This blog accompanies the Lancet Commission on Gender and Global Health seminar series. The series accompanies the development of the Commission, inviting Commissioners and Co-Chairs to discuss a key topic, question, or challenge that the Commission hopes to tackle. The series aims to involve a range of stakeholders and voices in its work and to promote discussion and debate on gender and health.
In the thirteenth seminar of the Lancet Commission on Gender and Global Health series, Commissioners Sarah Hill and Sharon Friel collaborated on a presentation based on their 2020 publication regarding alcohol and tobacco as commercial determinants of health. Hill currently serves as senior lecturer and Director of the Global Health Policy Unit at the University of Edinburgh, while Friel is a professor of health equity and Director of the Menzies Centre for Health Governance at the Australian National University’s School of Regulation and Global Governance (RegNet). The commissioners were joined by session facilitator and Co-Chair Sarah Hawkes, fellow commissioners, and a YouTube live stream audience.
Gender and the commercial determinants of health
Friel opened with a brief definition of the commercial determinants of health (CDoH), which focuses on “understanding the commercial forces, policies, practices, and products of the commercial sector, and how that affects health and health inequities”. She added that while much of the field revolves around the obvious and visible aspects of commercial forces, her work with Hill unpacks “some of the more indirect ways in which commercial actors and their ways of being” shape society, working conditions, expectations and norms, and policy as well as regulatory environments. She then handed over the presentation to Hill, who proceeded to draw connections between commercial determinants and gender through an analysis of how alcohol and tobacco companies target women.
Building on Friel’s introduction, Hill explained that a CDoH perspective allows for an exploration of the ways in which commercial actors influence the determinants of health at multiple levels, moving beyond individual consumption and exposure to consider their impact on structural determinants of ill-health and inequity. While the field has traditionally focused on industries whose products are directly harmful to health, such as tobacco and alcohol, Hill noted that emerging work expands the idea of commercial determinants to consider a broader range of commercial actors and industries whose products might not always have a direct physical effect on health, but whose activities shape both physical and mental health in harmful ways nonetheless. While social and commercial determinants exert cross-cutting influence and are inextricably linked, the latter is distinguished by its focus on how commercial actors influence public and global policy “in ways that are often hidden from view”.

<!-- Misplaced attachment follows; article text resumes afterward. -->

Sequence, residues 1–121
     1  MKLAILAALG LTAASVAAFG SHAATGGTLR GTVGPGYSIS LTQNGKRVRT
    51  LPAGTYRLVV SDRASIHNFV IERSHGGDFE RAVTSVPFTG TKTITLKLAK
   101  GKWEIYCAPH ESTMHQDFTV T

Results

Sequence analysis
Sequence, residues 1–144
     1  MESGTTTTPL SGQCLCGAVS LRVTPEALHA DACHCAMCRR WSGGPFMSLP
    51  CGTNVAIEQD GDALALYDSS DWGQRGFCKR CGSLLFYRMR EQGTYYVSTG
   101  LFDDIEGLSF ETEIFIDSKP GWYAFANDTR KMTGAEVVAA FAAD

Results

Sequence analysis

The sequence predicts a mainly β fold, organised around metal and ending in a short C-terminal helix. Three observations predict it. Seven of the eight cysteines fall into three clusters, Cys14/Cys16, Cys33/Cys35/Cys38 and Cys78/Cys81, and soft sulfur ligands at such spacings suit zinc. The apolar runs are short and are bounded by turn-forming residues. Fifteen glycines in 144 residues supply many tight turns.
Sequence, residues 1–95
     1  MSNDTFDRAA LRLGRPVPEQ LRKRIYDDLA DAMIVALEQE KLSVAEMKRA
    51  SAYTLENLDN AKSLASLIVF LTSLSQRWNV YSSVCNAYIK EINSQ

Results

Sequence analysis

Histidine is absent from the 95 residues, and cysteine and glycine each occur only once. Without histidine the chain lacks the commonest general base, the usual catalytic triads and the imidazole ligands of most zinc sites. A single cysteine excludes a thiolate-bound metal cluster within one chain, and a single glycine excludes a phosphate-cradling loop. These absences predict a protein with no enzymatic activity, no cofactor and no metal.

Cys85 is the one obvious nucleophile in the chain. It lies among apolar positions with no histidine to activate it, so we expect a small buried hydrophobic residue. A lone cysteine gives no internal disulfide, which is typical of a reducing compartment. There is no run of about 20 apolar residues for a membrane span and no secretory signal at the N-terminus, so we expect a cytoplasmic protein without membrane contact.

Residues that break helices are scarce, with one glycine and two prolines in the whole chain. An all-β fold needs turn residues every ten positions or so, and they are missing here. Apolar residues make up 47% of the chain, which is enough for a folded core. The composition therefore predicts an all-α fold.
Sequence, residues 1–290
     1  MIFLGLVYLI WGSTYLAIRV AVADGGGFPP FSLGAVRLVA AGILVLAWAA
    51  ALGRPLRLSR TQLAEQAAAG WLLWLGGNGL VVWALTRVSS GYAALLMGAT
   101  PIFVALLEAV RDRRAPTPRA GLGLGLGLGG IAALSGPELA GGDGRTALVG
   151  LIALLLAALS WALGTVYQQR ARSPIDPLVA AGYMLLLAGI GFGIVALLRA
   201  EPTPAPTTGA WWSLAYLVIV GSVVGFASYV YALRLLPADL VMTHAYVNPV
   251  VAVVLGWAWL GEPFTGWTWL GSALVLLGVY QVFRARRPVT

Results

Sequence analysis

With the basics established, Hill proceeded to bring in the gender aspect of this presentation by defining gender for the purposes of this session as “socially constructed differences between different groups”. Pausing to acknowledge that sex does play an important role in health, she positioned gender as the key analytical lens in this presentation as it permeates across different layers of social determinants, from intimate relationships to communal ties to social structures. Hill also emphasised the importance of an intersectional approach, stressing that “gender is just one aspect of social location and identity… that’s going to be shaped and modified by other aspects of social location” such as age, class, and race. Scaling up from micro- and meso-levels to the macro or structural further reveals how determinants of health are differently gendered to impact all gender groups – not just women and girls – in a variety of ways. This particular presentation, however, focused on “gender norms shaping women’s and girls’ exposure and vulnerability to adverse health experiences,” as illustrated by the case studies presented by Hill in the next section.
Evolutions in tobacco and alcohol advertisements
Drawing upon tobacco and alcohol advertisements targeted at women, Hill offered a historical account of how the traditionally male-centric tobacco industry identified women as a significant untapped market in the early 20th century, and subsequently “started putting a lot of effort into trying to recruit women as smokers,” with the alcohol industry following closely on its heels. These efforts included advertising campaigns which actively engaged with gender and gendered norms at the time, but a key finding of Hill and Friel’s work is that “the approaches used by those industries have changed over time… There’s a sense in which as gendered norms changed, particularly in high-income countries such as the United States, industries also changed their marketing strategies so that they were interacting with the fluid nature of those gendered norms”. This evolution in engagement has led to advertising campaigns such as Budweiser’s new take on an old concept, which allowed the company to perform progressiveness while still utilizing gender norms to their advantage.
This marketing pivot was particularly evident in the 1980s, when “there was a move towards engaging with ideas of women’s empowerment and liberation in advertising,” a highly visible way for companies to present themselves as progressive actors solely for the purpose of financial gain, not social change. Following a legal case in the late 1990s, internal tobacco industry documents were made publicly available and offered indisputable evidence which made it “very, very clear that they were playing on these changing norms in order to market their products”. A particularly damning example presented by Hill highlighted a Virginia Slims advertisement placed in Ebony magazine, which caters primarily to an African-American audience. Internal documents reveal the motivations and considerations behind this campaign, summarised in a flippant line that would go on to serve as the title of Hill and Friel’s paper: “As long as it still comes off as a cigarette ad, not a civil rights message”.